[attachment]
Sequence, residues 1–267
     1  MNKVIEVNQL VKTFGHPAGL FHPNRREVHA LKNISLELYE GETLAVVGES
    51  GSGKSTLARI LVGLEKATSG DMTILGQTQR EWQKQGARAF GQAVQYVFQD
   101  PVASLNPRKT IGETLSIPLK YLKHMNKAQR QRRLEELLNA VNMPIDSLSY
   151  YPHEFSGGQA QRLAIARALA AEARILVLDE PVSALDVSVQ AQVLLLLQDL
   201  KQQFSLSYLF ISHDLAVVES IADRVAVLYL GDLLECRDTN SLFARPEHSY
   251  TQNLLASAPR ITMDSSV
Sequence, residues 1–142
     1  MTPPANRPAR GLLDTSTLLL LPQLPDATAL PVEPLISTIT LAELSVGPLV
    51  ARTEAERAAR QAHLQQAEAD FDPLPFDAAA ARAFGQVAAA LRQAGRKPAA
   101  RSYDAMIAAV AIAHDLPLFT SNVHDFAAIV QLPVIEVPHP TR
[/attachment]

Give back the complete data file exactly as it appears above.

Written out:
Sequence, residues 1–267
     1  MNKVIEVNQL VKTFGHPAGL FHPNRREVHA LKNISLELYE GETLAVVGES
    51  GSGKSTLARI LVGLEKATSG DMTILGQTQR EWQKQGARAF GQAVQYVFQD
   101  PVASLNPRKT IGETLSIPLK YLKHMNKAQR QRRLEELLNA VNMPIDSLSY
   151  YPHEFSGGQA QRLAIARALA AEARILVLDE PVSALDVSVQ AQVLLLLQDL
   201  KQQFSLSYLF ISHDLAVVES IADRVAVLYL GDLLECRDTN SLFARPEHSY
   251  TQNLLASAPR ITMDSSV
Sequence, residues 1–142
     1  MTPPANRPAR GLLDTSTLLL LPQLPDATAL PVEPLISTIT LAELSVGPLV
    51  ARTEAERAAR QAHLQQAEAD FDPLPFDAAA ARAFGQVAAA LRQAGRKPAA
   101  RSYDAMIAAV AIAHDLPLFT SNVHDFAAIV QLPVIEVPHP TR